Electron orbit feedback controllers are based on the inversion of the response matrix of the storage ring and as a result, mismatches between the accelerator model and the real machine can limit controller performance or cause the controller to become unstable. In order to perform stability analysis tests of the controller, accurate uncertainty descriptions are required. In this paper, BPM scaling errors, actuator scaling errors and drifts in tune are considered as the main sources of spatial uncertainties and because most electron orbit feedback systems use Singular Value Decomposition (SVD) to decouple the inputs and outputs of the system, the uncertainty can be expressed in terms of this decomposition. However SVD does not allow the main sources of uncertainty to be decoupled so instead, a Fourier-based decomposition of the response matrix is used to decouple and model the uncertainties. In this paper, both Fourier and SVD uncertainty modelling methods are applied to the Diamond Light Source storage ring and compared.  
poster icon Poster MOPGF178 [1.465 MB]  
 
WEPGF006 Magnet Server and Control System Database Infrastructure for the European XFEL power-supply, database, controls, quadrupole 1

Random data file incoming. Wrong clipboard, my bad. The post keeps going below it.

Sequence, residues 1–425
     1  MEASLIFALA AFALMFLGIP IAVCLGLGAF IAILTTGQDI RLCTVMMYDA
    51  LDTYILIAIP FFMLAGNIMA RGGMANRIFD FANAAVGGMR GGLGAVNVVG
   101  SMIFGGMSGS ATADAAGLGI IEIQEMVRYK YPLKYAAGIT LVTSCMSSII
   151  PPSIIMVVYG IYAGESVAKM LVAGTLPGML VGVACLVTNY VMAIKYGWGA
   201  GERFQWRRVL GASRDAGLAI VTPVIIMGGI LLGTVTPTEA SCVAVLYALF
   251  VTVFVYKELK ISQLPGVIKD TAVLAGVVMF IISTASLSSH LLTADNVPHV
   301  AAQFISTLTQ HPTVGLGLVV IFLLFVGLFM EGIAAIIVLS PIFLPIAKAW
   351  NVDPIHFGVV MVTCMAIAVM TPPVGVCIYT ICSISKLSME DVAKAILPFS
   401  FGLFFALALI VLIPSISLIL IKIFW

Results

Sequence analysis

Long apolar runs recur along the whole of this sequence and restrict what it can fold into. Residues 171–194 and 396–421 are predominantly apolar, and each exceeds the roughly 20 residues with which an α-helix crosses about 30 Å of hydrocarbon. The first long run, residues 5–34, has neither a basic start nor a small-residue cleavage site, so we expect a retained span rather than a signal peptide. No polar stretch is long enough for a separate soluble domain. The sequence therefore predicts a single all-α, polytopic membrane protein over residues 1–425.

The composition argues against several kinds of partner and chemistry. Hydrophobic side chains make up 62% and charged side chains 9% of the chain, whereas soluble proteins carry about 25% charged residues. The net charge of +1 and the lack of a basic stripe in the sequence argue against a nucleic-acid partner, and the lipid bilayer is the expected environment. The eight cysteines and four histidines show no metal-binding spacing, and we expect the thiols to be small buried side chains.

• L. Fröhlich, P.K. Bartkiewicz, M. Walla
    DESY, Hamburg, Germany
 
  The linear accelerator of the European XFEL will use more than 1400 individually powered electromagnets for beam guidance and focusing. Front-end servers establish the low-level interface to several types of power supplies, and a middle layer server provides control over physical parameters like field or deflection angle in consideration of the hysteresis curve of the magnet. A relational database system with stringent consistency checks is used to store configuration data. The paper focuses on the functionality and architecture of the middle layer server and gives an overview of the database infrastructure.  
 
WEPGF029 High Level Software Structure for the European XFEL LLRF System LLRF, controls, FPGA, software 1
 
  • Ch. Schmidt, V. Ayvazyan, J. Branlard, L. Butkowski, O. Hensler, M. Killenberg, M. Omet, S. Pfeiffer, K.P. Przygoda, H. Schlarb
    DESY, Hamburg, Germany
  • W. Cichalewski, F. Makowski
    TUL-DMCS, Łódź, Poland
  • A. Piotrowski
    FastLogic Sp. z o.o., Łódź, Poland